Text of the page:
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Smoke Is Circling Around The Globe Back To Australia Says NASA

Smoke from Australia's bushfires are expected to make a full circuit around the globe according to NASA.

New Zealand has been affected by the smoke from Australia's fires since November, and early this year the sky above Auckland turned orange.

Last week, countries in South America, nearly 11,000 kilometres away from Australia, were also covered in a blanket of smoke.

VIIIRS Red-Green-Blue imagery provides a “true-color” view of the smoke. Image: NASA

NASA has now said the smoke will do a full circuit of the globe and return to Australia.

NASA has been tracking the smoke circulating through observing 'pyroCbs events' more than 15 kilometres high.

"PyroCbs (pyrocumulonimbus) are essentially fire-induced thunderstorms," NASA said.

"They are triggered by the uplift of ash, smoke, and burning material via super-heated updrafts.

"As these materials cool, clouds are formed that behave like traditional thunderstorms but without the accompanying precipitation."

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Smoke From Australia's Fires Has Now Reached South America

The smoke from Australia's bushfires has crossed more than 11,000 kilometres of the Pacific Ocean, now arriving in Chile.

PyroCbs events allow smoke to reach the stratosphere, 16 kilometres in altitude.

"Once in the stratosphere, the smoke can travel thousands of miles from its source, affecting atmospheric conditions globally," NASA said.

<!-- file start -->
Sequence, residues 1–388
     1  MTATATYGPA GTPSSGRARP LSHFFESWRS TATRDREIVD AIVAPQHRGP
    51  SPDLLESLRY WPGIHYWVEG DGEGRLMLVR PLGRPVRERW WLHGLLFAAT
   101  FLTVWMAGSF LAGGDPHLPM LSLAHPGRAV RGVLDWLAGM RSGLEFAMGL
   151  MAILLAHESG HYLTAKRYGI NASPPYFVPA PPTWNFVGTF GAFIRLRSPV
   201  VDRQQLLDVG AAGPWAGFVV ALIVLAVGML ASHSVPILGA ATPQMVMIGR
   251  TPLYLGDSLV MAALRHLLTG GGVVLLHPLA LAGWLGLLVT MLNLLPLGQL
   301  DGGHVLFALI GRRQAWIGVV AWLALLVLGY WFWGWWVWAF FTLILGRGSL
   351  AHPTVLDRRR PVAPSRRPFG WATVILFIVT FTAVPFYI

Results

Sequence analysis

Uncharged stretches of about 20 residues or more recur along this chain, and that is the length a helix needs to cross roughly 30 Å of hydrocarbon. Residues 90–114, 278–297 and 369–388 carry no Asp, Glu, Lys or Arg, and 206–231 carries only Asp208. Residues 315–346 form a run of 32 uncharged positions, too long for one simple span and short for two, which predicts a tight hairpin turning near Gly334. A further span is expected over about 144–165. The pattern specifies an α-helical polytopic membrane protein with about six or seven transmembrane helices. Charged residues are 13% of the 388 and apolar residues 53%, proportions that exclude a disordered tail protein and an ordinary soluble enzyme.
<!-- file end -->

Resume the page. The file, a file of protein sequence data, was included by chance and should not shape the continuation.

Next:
NASA uses two instruments -- WIIRS and OMPS-NM -- onboard  NASA-NOAA’s Suomi National Polar-orbiting Partnership (NPP) satellite to track the smoke.

The unique uses for each instrument allows researchers at NASA Goddard to track smoke globally.

The VIIR instruments show a 'true colour' view of the smoke with imagery.

The UV aerosol index is a qualitative product that can easily detect smoke (and dust) over all types of land surfaces. Image: NASA

The OMPS is a series of instruments that uses UltraViolet radiation sensors, which creates a ultraviolet index to track aerosols and smoke.

“The UV index has a characteristic that is particularly well-suited for identifying and tracking smoke from pyroCbs events: the higher the smoke plume, the larger the aerosol index value," said Colin Seftor, research scientist at NASA Goddard.

"Values over 10 are often associated with such events.

"The aerosol index values produced by some of the Australian pyroCbs events have rivaled that largest values ever recorded.”